Tuesday, April 01, 2003

Geraldo opens one too many doors

Geraldo Rivera has been a media fixture for years. Who could forget his investigative reporting on 20/20? Who could forget 'The Secret of Al Capone's closet' ("Look! There's another door!")? Who could his wartime reporting from the Gulf War in 1991? Who could forgive the air-kisses he gave President Clinton? Fortunately, for him (IMHO) he was once again earning some respect while being embedded; that respect waned in Afghanistan, when he purportedly 'stood' on the site of a battle, when in reality was hundreds of miles away.

When I first heard the accusation, I told a co-worker: "He is so arrogant he was probably warned 3 times prior and now they're canning him; good riddance." His bravado was part of his shtick, but it appears it has done him in. Assuming for a moment the military has expelled him -- and I say 'assuming', for if he was actually expelled, there's no reason why he is *still* in country -- FNC had better get him over the border and fast; the repercussions for access of the other Fox correspondence is in dreadful peril otherwise.

There will be 'other doors' Geraldo will ultimately open, but at the very least for the credibility of FNC, and for the most -- respect for those who serve and their families back home -- he needs to be reassigned. Now.



Geraldo Denies Being Kicked Out of Iraq
IN SOUTHERN IRAQ - Geraldo Rivera is denying reports that he's been kicked out of Iraq (news - web sites) by U.S. military officials for giving out too much information about troop locations.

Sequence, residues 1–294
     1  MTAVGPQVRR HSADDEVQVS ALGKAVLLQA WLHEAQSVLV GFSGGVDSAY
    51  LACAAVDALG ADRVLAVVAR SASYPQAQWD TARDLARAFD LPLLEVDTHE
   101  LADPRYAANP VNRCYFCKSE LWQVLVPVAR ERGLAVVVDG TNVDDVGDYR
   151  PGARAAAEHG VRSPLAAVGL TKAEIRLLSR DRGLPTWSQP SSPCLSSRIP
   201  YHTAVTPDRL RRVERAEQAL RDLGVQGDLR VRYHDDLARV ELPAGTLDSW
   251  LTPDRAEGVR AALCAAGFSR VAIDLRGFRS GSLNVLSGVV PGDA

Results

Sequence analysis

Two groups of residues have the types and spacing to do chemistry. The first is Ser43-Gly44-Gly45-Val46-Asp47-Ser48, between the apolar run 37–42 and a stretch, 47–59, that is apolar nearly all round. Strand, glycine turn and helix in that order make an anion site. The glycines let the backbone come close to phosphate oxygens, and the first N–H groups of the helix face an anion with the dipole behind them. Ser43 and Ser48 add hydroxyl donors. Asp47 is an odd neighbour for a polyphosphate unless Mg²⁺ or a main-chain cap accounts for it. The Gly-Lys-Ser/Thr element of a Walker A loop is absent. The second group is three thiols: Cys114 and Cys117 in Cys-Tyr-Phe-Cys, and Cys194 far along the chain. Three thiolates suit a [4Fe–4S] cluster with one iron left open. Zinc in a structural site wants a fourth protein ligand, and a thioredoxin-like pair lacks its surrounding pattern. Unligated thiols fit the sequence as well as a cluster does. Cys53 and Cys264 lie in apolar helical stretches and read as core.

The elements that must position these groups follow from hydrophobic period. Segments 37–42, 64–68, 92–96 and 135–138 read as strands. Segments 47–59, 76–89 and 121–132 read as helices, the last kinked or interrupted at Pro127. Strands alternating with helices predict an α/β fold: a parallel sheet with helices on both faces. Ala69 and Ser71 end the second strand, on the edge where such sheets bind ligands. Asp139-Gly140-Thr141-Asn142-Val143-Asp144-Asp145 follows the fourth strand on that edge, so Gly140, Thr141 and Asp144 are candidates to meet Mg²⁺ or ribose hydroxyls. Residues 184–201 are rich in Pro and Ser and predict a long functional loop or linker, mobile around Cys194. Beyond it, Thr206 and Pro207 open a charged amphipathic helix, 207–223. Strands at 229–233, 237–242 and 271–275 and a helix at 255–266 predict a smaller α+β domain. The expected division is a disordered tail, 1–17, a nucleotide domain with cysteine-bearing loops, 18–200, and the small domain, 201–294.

Meanwhile NBC fired journalist Peter Arnett on Monday, saying it was wrong for him to give an interview with state-run Iraqi TV in which he said the American-led coalition's initial plan for the war had failed because of Iraq's resistance.

Reporting on the Fox News Channel, Rivera said he's actually further inside Iraq than he'd been before.

He was standing alongside U.S. troops in a building he identified as Iraq's ruling party headquarters in a city south of Baghdad.

Rivera said it sounds like the rumors that he'd been kicked out were spread by people he described as "rats" at NBC, where he used to work.

He said his rivals "can't compete fair and square on the battlefield" — so they try to stab him in the back.

But in the end, he insists, "quality journalism wins out."

Rivera said he has a "great relationship" with the troops in the 101st Airborne — and that he plans to "march into Baghdad alongside them."

Sources at U.S. Central Command have said that Rivera was asked to leave because he revealed tactical information.

Arnett, on NBC's "Today" show on Monday, said he was sorry for his statement but added "I said over the weekend what we all know about the war."

"I want to apologize to the American people for clearly making a misjudgment," the New Zealand-born Arnett said. He said he would try to leave Baghdad now, joking "there's a small island in the South Pacific that I've inhabited that I'll try to swim to."

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